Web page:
THEWHO: Plantable's Nikki King Bennett

The first installment in FAROUT’s interview series, THEWHO.

Image courtesy of Plantable.

Image courtesy of Plantable.

Chef Nikki King Bennett’s cut her culinary teeth in New York’s raw food scene back when raw food was still new: she was the foodie behind the menu at the cult vegan hotspot Pure Food and Wine.

Now, over a decade after pioneering trend-setting vegan delicacies, Bennett’s applying her knowledge as executive chef at Plantable, the plant-based food delivery system that introduces newbies to a more plant-forward diet.

But this isn’t a draconian diet that tells you what to eat. Plantable’s all about education and guidance: In addition to supplying members with ready-made dishes that put innovative spins on familiar ingredients, Plantable offers nutritional coaching and support.

In this conversation, Bennett spills the beans on a number of topics, including:

o Her very personal motivation for helping people eat healthier.

o The ways Plantable is confronting packaging waste.

o How she uses restrictions to innovate.

o The reasons big corporations should use food delivery systems such as Plantable.

o And why white lentils are the sizzling ingredient for dishes hot and cold.


FAROUT: What motivates you to help people eat plant-based and how did you get into what you do?

Nikki: I never knew that I wanted to do food when I was growing up. I moved to New York and I was working at Tiffany and Company - it's a great company, but I hated my life. I was vegan at the time, and I was curious about cooking in general, and wondered if there were any vegan culinary schools. So, I looked and found Natural Gourmet here in New York.

I remember my first day there: I grew up in the South, and Southern cooking is kind of known to be unhealthy, so my goal initially was to make healthier alternatives of my family's recipes and the type of food I grew up with.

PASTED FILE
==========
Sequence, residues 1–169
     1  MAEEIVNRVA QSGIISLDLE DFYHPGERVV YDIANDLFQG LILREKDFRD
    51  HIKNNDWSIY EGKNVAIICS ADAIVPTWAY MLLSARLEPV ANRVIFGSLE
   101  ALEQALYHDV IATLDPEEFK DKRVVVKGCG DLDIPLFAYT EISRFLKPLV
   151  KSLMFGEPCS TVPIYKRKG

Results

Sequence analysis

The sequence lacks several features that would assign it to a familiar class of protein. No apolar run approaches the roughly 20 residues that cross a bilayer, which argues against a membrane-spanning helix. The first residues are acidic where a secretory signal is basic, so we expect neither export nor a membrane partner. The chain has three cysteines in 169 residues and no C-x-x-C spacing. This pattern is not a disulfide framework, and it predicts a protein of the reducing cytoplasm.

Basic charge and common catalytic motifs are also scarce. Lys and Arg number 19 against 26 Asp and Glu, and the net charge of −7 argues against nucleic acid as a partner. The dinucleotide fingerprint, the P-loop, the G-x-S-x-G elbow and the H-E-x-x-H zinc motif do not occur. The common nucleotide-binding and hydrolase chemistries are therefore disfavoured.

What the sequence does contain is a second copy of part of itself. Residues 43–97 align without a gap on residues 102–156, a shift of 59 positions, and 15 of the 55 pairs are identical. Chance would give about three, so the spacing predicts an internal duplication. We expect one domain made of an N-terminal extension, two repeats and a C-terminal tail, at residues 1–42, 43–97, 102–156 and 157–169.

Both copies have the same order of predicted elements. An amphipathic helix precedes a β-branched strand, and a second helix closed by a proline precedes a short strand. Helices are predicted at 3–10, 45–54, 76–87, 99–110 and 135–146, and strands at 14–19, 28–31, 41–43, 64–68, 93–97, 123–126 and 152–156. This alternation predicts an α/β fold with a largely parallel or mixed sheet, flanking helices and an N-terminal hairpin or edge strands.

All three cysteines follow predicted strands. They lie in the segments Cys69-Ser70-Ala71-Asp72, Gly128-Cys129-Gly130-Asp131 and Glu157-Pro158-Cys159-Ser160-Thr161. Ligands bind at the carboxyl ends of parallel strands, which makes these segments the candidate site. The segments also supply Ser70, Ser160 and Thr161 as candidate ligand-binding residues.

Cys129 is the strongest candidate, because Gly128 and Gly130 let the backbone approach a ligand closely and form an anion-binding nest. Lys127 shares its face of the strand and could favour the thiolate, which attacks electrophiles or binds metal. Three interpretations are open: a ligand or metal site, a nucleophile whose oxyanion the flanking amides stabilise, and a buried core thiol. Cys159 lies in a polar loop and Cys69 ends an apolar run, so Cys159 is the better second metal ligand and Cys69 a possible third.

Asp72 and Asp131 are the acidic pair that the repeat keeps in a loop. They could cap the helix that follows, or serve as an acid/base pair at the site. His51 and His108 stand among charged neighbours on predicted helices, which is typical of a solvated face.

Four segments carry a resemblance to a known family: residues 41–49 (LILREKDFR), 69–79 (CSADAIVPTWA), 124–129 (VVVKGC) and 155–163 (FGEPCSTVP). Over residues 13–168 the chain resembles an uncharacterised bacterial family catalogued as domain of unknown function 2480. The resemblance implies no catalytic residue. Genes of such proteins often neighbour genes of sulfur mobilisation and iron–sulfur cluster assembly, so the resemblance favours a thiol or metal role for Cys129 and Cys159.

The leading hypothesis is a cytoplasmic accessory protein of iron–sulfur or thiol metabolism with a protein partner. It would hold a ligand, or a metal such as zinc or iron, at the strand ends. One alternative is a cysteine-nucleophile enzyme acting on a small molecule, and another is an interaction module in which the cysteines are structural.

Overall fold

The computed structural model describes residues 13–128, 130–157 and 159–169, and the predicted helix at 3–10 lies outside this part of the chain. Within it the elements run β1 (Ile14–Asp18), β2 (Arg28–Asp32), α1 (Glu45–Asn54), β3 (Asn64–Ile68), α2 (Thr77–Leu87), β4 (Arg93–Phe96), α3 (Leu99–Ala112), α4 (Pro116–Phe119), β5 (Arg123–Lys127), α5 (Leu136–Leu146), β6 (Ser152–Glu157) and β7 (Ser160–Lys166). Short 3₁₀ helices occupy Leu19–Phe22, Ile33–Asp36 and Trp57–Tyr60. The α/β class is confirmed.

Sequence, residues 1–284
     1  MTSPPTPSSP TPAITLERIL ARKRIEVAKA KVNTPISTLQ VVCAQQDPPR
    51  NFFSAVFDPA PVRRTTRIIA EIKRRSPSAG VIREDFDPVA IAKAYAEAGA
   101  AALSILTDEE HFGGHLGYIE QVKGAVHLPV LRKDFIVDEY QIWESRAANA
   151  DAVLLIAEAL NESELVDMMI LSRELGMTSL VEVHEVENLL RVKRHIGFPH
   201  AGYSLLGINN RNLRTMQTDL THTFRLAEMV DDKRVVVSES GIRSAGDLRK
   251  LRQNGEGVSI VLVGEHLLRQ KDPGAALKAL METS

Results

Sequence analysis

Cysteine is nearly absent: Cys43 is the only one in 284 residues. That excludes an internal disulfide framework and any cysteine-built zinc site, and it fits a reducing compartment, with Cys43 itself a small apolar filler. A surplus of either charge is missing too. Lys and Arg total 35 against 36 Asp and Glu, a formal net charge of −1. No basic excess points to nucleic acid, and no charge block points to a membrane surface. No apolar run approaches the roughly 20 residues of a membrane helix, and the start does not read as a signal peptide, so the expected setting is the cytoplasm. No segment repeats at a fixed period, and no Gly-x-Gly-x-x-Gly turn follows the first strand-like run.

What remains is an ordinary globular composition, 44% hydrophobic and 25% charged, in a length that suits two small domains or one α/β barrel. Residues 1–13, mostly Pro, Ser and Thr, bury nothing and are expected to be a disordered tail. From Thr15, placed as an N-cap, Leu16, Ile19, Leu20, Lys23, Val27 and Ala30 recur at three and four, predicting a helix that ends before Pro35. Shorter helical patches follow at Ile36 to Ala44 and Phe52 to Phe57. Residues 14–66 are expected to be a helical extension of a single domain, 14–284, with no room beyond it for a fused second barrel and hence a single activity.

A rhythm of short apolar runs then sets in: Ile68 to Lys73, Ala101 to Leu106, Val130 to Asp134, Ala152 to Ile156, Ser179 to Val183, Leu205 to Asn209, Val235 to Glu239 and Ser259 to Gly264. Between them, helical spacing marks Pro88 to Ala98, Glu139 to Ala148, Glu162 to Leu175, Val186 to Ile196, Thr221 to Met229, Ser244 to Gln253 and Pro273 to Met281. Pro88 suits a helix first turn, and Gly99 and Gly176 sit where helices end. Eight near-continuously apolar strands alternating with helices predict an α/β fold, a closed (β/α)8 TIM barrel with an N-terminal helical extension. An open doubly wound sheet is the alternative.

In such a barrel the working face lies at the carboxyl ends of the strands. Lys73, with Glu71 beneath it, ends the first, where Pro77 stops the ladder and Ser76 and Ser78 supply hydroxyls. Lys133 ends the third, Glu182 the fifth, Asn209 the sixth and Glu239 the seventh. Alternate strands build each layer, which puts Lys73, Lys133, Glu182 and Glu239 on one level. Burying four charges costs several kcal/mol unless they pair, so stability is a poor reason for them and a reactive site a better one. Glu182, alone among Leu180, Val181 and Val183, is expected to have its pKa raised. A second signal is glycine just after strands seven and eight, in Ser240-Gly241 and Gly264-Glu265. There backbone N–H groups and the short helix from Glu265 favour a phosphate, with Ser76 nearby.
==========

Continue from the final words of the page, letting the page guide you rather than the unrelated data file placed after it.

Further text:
Then, fast forward 12 years and seeing the trend catch on, and then my mom passed away from a preventable disease.

FO: I'm so sorry.

Nikki: That has motivated me even further. Diet plays a huge part in health and wellness, and that’s what continues to motivate me. I truly believe that mostly vegan is the best way for people to eat, or mostly plant-based. If everyone ate more like that, we'd be a healthier society.

FO: What's your day-to-day like as Executive Chef for Plantable?

Nikki: The day to day is mostly leading the kitchen. We have a pretty small team, so I'm still very active in the cooking of the food and overseeing that, but I have two awesome co-chefs who help with that, so really, it's development of menu items.

FO: Have you been with Plantable from the beginning? Did you help invent the original menu?

Nikki: Yeah! The owner did a pilot prior to me coming in, so she had a few recipes in her repertoire. But since then I've added, and my chef de cuisine and sous chef have added, too.

FO: What's your approach to planning the menu? What are your considerations?

Nikki: Coming from the restaurant environment, it was tricky to get into this more health-focused space. Not that what I was doing before wasn't health0focused because it was, but it was — you know, a meal out at a restaurant is kind of an indulgence, so I took the recipes back to the basics of fiber, protein, and vegetables.

FO: And it needs to be frozen.